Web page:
It doesn’t take a legal expert to know that what’s happening in Portland, Oregon is an abuse of power. When unidentified federal forces dressed as soldiers pull people off the streets into unmarked vans, something is gravely wrong. What’s less apparent is that this abuse is part of an ongoing effort by the administration to get around “posse comitatus”: the principle that the president cannot use the military as a domestic police force. The implications for the rule of law—and potentially for the 2020 election—are staggering.
The Department of Homeland Security personnel deployed in Portland are federal law enforcement agents, not members of the armed forces. But the evidence is mounting that they are not there to enforce the law. Instead, they are acting as a paramilitary wing to assist the president in his longstanding goal to (in his words) “take over” U.S. cities run by Democrats.
This goal dates back to the beginning of Trump’s presidency. Five days after his inauguration, he tweeted: “If Chicago doesn’t fix the horrible ‘carnage’ going on, 228 shootings in 2017 with 42 killings (up 24% from 216), I will send in the Feds!” (Three and a half years later, he’s about to get closer to carrying out his threat: He announced on Wednesday that he will send 200 federal agents to the city, plus 35 additional agents to Albuquerque.) He has issued similar threats periodically throughout his time in office.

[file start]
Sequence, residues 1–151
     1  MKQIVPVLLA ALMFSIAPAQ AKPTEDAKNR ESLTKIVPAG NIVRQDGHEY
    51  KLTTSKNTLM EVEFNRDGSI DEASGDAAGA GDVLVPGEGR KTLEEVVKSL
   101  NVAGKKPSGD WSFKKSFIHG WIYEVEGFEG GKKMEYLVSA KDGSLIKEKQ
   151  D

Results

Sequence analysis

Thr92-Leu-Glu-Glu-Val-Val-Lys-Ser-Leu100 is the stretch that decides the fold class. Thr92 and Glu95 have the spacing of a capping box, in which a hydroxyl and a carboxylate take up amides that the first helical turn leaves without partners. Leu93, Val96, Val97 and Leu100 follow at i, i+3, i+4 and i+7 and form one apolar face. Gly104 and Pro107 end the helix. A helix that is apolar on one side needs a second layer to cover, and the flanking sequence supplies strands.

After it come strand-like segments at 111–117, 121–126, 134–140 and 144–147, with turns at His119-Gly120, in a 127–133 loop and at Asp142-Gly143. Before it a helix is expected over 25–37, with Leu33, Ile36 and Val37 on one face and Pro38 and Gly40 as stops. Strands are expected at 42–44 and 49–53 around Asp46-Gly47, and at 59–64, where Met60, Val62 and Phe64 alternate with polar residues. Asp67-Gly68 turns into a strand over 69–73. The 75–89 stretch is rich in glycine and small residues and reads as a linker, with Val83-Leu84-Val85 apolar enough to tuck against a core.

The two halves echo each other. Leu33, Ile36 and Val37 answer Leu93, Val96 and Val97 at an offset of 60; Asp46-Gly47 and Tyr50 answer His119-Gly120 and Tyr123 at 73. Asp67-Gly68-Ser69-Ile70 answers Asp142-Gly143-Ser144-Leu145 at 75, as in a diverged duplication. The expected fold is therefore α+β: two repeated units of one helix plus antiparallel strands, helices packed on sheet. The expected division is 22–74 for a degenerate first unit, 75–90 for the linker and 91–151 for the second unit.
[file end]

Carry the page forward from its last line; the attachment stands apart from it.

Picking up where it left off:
But it was the protests that erupted across the country in response to the brutal police killing of George Floyd that finally gave the president his chance. At the president’s direction, the governors of 11 states (10 of them Republicans) sent their National Guard units into Washington, DC, where largely peaceful protests had been marred by isolated incidents of violence and looting. The deployment was over the objections of the city’s mayor, Muriel Bowser.